Sunday 18 September 2022 Home to The Baths Citrusdal
This morning just before 9 am The Earl and I, towing Gecko 81 left Struisbaai while Cathy and Alec, towing Gecko 109 left Napier to meet each other at Stormsvlei Turn-off to begin the first leg of our trip to Namaqualand. The weather was cool but sunny and we were in good spirits and looking forward to another caravanning trip together. As we travelled the picturesque route to Robertson it clouded over and we had a few showers of rain. Our first stop was at Christina’s Bistro on the Van Loveren Wine Estate. The temperature was a cool 13 degrees C but we were warmly greeted by our waitron and shown to a fireside table. The Earl and I had Eggs Benedict and Cath and Alec enjoyed Christina’s special breakfast providing the best of everything – eggs, bacon, sausage, hashbrowns etc.
Feeling fortified with good coffee and food we continued. The clouds cleared and the rain stopped but it was still quite chilly when we stopped at Picketburg to refuel and then at Kardoesie to buy some biltong. We decided not to have refreshments at the restaurant as we were almost at our destination. By the time we arrived at The Baths, Citrusdal the weather had warmed up a tad. Our campsite, number 22, is spacious and takes the two caravans easily. After setting up and having a cup of tea, we headed for the hot pool. It was awesome wallowing in the healing spring water. Afterward, we decided to pop into the restaurant to book a table for dinner. It’s a good thing we did as we were informed that they were closing at six and were only doing takeaway meals till then. It was already five o’clock so we sat down for a G&T and ordered chicken salad to go. Had we come at six we would have been too late and as we had nothing defrosted it could have ended badly!
Monday, 19 September 2022 – The Baths to Groenrivier, Niewoudville
Once again we enjoyed a picturesque drive to Niewoudville. We stopped at the Engen One Stop to have breakfast at their Wimpy. They had rather a cute display outside.
We arrived at Groenrivier at lunchtime. Our lovely sites are called Hadeda A and Hadeda B. Each has its own kitchen and bathroom as well as a shared Lapa which had a lovely open hearth for braaing and keeping warm in the evenings. The facilities are basic but clean and neat.
Our hostess visited us on site and offered us a pamphlet with a map and photos of the flowers we might see. It is a bit late in the season for flowers but we were assured that with a bit of effort we would find some.
We set up camp and made ourselves comfortable but did not go out again. The camp dogs entertained us or did we entertain them by obeying their commands to throw sticks which they willingly retrieved. Their most obedient servant, was, of course, The Earl!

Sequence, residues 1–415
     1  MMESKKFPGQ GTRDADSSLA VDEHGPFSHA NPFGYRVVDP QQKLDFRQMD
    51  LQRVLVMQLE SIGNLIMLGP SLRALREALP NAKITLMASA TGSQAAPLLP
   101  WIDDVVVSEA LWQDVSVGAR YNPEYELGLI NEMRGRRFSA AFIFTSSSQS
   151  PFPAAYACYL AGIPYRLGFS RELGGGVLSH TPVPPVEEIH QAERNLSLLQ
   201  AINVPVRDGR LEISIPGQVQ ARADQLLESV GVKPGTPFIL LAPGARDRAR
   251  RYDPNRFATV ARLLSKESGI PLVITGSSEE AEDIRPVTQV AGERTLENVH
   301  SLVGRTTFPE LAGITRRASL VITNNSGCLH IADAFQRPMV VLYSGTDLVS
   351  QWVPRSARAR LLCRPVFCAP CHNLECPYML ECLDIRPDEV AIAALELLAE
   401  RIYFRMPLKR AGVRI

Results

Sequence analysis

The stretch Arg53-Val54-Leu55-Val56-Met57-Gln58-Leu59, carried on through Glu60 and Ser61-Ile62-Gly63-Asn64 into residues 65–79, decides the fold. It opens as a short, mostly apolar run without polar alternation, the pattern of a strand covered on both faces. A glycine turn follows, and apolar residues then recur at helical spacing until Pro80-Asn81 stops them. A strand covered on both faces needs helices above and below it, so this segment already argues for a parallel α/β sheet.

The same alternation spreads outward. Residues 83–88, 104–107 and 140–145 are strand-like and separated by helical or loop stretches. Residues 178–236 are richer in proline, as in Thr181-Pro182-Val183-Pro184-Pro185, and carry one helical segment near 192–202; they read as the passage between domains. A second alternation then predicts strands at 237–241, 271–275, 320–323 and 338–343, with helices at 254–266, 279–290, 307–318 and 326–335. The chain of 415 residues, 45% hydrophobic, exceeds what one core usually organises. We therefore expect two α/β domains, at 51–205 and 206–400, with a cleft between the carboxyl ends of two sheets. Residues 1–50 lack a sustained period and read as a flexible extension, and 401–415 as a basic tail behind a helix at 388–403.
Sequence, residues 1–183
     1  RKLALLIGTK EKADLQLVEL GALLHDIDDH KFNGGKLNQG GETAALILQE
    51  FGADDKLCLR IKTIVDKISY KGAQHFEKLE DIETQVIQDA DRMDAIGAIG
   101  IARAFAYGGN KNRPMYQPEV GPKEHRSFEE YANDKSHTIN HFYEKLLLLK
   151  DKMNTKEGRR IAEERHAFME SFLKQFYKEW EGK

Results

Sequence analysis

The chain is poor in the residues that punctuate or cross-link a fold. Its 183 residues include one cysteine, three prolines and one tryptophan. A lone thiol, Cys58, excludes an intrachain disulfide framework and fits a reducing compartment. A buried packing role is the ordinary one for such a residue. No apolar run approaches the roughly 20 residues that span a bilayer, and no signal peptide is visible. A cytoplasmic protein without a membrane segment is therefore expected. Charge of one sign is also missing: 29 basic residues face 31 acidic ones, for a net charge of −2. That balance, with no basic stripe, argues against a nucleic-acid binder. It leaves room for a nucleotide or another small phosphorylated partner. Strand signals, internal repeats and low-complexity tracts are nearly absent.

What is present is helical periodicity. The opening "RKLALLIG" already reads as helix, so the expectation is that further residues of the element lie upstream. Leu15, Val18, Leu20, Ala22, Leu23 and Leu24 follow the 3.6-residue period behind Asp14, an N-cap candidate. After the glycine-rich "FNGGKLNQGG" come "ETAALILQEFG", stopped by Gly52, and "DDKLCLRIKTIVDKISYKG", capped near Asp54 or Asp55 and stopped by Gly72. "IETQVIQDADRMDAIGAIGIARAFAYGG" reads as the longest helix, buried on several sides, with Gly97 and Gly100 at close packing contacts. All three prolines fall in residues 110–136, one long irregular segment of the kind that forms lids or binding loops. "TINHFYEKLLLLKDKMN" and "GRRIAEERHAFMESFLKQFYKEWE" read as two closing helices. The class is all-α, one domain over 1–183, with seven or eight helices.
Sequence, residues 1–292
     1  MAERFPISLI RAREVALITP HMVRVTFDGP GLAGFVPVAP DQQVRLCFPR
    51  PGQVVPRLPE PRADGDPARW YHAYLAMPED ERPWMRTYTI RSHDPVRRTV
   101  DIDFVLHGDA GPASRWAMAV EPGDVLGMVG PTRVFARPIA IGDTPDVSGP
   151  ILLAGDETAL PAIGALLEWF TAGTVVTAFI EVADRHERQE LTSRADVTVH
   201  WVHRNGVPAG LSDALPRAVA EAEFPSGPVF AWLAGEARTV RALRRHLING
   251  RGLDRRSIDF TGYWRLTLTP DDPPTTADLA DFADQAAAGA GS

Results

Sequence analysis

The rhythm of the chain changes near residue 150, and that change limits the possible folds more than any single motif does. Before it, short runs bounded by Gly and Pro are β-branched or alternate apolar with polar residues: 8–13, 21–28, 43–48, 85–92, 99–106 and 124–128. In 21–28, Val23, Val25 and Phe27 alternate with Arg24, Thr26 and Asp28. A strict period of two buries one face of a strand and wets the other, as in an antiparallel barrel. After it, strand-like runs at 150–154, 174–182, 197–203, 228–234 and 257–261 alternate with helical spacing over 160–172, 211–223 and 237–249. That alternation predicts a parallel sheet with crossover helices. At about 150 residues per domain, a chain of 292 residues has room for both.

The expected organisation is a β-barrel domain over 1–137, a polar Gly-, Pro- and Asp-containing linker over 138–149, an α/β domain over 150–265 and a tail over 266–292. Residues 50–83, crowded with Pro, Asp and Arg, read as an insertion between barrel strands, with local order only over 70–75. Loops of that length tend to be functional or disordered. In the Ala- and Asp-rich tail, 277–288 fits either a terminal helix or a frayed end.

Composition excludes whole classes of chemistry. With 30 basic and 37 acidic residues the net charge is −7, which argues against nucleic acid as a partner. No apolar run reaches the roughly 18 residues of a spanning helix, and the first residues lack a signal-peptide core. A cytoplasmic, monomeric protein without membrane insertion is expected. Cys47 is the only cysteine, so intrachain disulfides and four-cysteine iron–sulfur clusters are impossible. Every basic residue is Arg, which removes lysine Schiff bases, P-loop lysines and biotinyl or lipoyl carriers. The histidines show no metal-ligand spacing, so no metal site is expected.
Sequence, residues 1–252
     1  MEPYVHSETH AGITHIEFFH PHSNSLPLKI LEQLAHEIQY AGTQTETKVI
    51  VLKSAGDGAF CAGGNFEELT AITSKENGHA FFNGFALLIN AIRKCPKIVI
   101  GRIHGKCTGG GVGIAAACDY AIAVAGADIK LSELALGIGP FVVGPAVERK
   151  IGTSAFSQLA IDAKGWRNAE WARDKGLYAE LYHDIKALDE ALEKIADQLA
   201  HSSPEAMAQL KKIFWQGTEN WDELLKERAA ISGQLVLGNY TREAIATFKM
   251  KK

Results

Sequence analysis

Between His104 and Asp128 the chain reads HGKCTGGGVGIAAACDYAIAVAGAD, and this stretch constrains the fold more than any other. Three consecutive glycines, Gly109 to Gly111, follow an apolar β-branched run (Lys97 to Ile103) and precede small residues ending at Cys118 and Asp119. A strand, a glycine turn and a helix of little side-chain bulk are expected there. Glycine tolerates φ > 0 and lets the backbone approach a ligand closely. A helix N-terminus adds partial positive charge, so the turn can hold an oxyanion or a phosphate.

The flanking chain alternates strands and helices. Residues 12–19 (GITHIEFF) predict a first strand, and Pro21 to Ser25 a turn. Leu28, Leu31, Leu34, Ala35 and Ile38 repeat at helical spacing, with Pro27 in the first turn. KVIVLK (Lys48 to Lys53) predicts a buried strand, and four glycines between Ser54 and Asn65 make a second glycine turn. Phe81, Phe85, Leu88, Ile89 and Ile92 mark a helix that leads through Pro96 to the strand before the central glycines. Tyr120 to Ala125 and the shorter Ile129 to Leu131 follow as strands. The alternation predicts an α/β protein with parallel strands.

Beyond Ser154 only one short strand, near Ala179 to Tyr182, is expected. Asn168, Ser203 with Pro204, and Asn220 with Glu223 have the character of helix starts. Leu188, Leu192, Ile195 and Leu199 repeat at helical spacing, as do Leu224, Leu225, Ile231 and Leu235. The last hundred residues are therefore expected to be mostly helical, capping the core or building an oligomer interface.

Tuesday 20 September 2022 Niewoudville – A Day amongst the flowers
It was very cold last night and we woke to very low temperatures this morning but the sun was out and it warmed up as the day wore on.
After breakfast, we made our way to Matjiesfontein Farmstall’s flower route. We paid R50 each to drive around the flower fields and it was well worth it. In spite of it being the end of the season, we were impressed with what we saw. We were advised by the owner to get out and walk around to get a close look at the different types of flowers growing together. This was lovely for those closeups.
We took hundreds of photographs but none do justice to the experience we had enjoying the flowers.
Some birds also managed to pop into the photographs.
Afterwards we indulged in coffee and melktert at the lovely little restaurant. Imagine having in a house like this in the good old days.
21 September – The Quiver Tree Forest
Today we had a really awesome day. It was considerably warmer and we began the day by sitting in the sun to enjoy our morning coffee and later a quick cereal breakfast. One of the camp dogs turned up for a game of fetch too.
Namaqualand has some lovely scenery which we drank in as we drove to and from the Quiver Tree Forest.
I have seen scattered quiver trees before but today we visited Gannabos, the biggest quiver tree forest in the southern hemisphere. The quiver tree or “Kokerboom” usually grows detached but can be seen growing together too. In fact, this plant is not a tree but a type of aloe. The Bushmen and Hottentot tribes used to make their quivers for carrying their arrows out of the tough yet pliable bark and branches of the Kokerboom hence its name.
After spending some time with the quiver trees we went in search of more wildflowers but only found small patches here and there.
Along the road, someone who is really fed up with litterbugs put up this warning.
We were sad to see litter in some places and one wonders what induces people to spoil such a beautiful environment.
After enjoying our day we returned to camp. The Earl excelled himself in cooking us ox-tail and veggies for dinner. A perfect end to a lovely day.